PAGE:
Central Valley residents – walkers, donors and volunteers – accepted the challenge to help fight heart disease and stroke. They delivered.
Approximately 2,200 people participated in the 2018 Central Valley Heart and Stroke Walk held Oct. 27 at the Tesoro Viejo Town Center in Madera County.
Besides raising awareness, the event raised more than $350,000 in funds to support research and education to fight heart disease and stroke – the nation’s No. 1 and No. 5 health threats to both men and women, according to Liz Faris, communications and marketing consultant with the American Heart Association.
The 2018 Central Valley Heart and Stroke Walk was supported locally by many sponsors including presenting sponsor Tesoro Viejo and CPR in Schools sponsor Valley Children’s Healthcare. Other sponsors included Community Medical Centers, Camarena Health, San Joaquin Valley Rehabilitation, E-Z Haul, Riverstone Development/Riverstone Farms and Kaiser Permanente.
The event included a 5K Lawyers Have Heart Run, a kid’s dance party, a 2-mile Heart and Stroke walk, live band, food and music.
This year’s goal was to raise $360,000. Donations continue to be accepted at www.CentralValleyHeartWalk.org
The Central Valley event was one of 305 across the county where nearly 1 million people participated.
Top companies included Saint Agnes Medical Center with $35,673, Tesoro Viejo $15,040, Valley Children’s Healthcare $12,429, and Madera County $11,880.
Top Teams included Welcome Center $8,350, Valley Children’s Medical Group $7,540, The Heartwalkers $6,000, and BSK $5,990.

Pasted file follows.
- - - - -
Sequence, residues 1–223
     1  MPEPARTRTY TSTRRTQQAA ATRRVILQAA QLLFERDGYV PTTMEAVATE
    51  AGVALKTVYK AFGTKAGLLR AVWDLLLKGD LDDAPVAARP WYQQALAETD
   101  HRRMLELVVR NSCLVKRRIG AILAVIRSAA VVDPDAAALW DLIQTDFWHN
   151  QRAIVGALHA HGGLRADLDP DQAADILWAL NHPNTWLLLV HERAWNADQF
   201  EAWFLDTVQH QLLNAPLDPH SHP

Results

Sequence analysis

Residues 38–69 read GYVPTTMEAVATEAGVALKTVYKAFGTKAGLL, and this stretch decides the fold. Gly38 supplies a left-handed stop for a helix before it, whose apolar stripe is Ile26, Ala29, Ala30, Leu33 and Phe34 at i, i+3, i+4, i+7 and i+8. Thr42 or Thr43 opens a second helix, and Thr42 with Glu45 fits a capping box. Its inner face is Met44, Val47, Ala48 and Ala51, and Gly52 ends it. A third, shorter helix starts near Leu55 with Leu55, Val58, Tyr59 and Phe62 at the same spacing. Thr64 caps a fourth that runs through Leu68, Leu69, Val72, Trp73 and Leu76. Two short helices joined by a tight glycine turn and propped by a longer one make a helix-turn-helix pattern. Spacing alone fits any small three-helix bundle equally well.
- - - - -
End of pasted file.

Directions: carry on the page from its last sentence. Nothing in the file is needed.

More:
Top Fundraisers included Mike Vartanian $5,400, Karen McCaffrey $5,000, Daniel Baradat $4,350 and Michael Goldring $3,600.
According to Faris, the walks are a celebration of the association’s year-round Healthy for Good movement that helps all Americans lead healthier lives by delivering science-based recommendations, tools, tips and motivation to build healthier behaviors.
As the No. 1 cause of death in the nation, heart disease is also the leading cause of death in the California, according to the American Heart Association.
The American Heart Association is devoted to saving people from heart disease and stroke – the two leading causes of death in the world. The association teams with millions of volunteers to fund innovative research, fight for stronger public health policies, and provide lifesaving tools and information to prevent and treat these diseases. The Dallas-based association is the nation’s oldest and largest voluntary organization dedicated to fighting heart disease and stroke.
Details: (800) AHA-USA1, or www.heart.org